Transepts and choir finished 1182
Transept ends: Jean de Chelles and Pierre de Montereau, c.1250-60
Notre-Dame is, for me, one of the most pessimistic buildings in the world. Not from excessive gloom, which is always surmountable, but through an overpowering sense, outside and in, that God built Notre-Dame as he inscribed the tablets of Moses, then slammed the door shut to sit in judgement for ever and ever and ever. No hope of change, and no glimmer of ultimate purpose: just an endless office of worship like the Gregorian chant that always seems to be going on somewhere inside. The possibility of artistic progression is as alien to Notre-Dame as it would be to a lump of Old Red Sandstone; it is there simply to uphold the Law, indifferent even to the kind of worship that goes on inside it: ‘Pagan rites or streams of tourists? So much the worse for them God is just, and I can wait.
Photo Gallery of Notre Dame Island Map
Click to on Photo for Next Notre Dame Island Map Images
? To turn, inside, at the crossing and look at the ends of the transepts – which were built about 1250, almost a hundred years later than the rest – is like walking out into the sunshine. The huge rose windows and the nervous arcades underneath are alive, human, and fallible. In this case the fallibility leads to complete success, and boyish tiptoe stretching has created what a considered rational design never could: a circle which really fills the gable, makes it taller, makes it taller still with the fragility of the gallery of little gables underneath.
That is inside. Outside, the transepts are absorbed by the sluggish flow of Notre-Dame’s leaden skin. For Viollet-le-Duc’s musty and self-righteous cackle can be heard all over the building. Apart from a few tiny scenes around the borders of the main compositions, too minor to touch up, the sculpture just does not convince, even with Michelin’s admirable sorting out of what is obviously nineteenth-century and what is said to be medieval. The vignettes are vibrant, inhabited, like Goujon’s sculptures – and both are French first and attached to a monument in history second – the big scenes are cold bread-and-butter pudding. Not so ‘Notre Dame de Paris’, the fourteenth-century statue inside, placed against the south-east pillar of the crossing, wide-eyed with rebellious hair. If she were not an object of veneration there might be some crisp Parisian jokes about her.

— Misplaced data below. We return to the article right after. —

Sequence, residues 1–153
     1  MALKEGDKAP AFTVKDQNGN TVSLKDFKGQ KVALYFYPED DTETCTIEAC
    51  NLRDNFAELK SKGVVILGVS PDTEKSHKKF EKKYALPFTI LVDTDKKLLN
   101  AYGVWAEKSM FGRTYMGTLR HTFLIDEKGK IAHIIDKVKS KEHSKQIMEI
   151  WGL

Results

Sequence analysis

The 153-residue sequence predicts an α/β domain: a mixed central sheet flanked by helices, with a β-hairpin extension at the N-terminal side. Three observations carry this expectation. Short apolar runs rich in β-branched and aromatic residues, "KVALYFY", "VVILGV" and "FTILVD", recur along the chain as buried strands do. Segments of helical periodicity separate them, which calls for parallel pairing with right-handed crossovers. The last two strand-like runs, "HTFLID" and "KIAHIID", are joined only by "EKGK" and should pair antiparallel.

Notre Dame de Paris is on the side of life. Notre-Dame the building – like Versailles – is not. But it is filled with a tremendous bleak force; the authentic Victorian father: Gladstone-les-Grandes-Terres. Begun in 1163, finished in effect by 1220, it took the Gothic structural discoveries and hit them for six. The extra freedom given by the pointed arch and the flying buttress was absorbed, understood – and then re-used to serve the old style, just as a reactionary politician might wolf a few progressive ideas. The deep galleries were kept, and used as instruments of darkness. The flying buttresses, the two rows of aisles and third row of chapels are all set out like a textblog of Gothic structure. It is a Romanesque building given an atomic warhead.
Even in a blog made up of personal views, this is excessively personal. When my wife read it, she suggested that there was a nebulousness at the heart of Notre-Dame which would admit conflicting views (utterly different from the compassion at the heart of St Paul’s, which will embrace conflicting views). And that is undoubtedly true. Notre-Dame is cosmically equivocal, the each-way bet of the Sourire de Reims that goes so much deeper than mere shifiness. Born hermaphrodite, and for my money desexed altogether by Viollet-le-Duc, it hangs there with snake’s eyes; alert, yet indolent after eight centuries.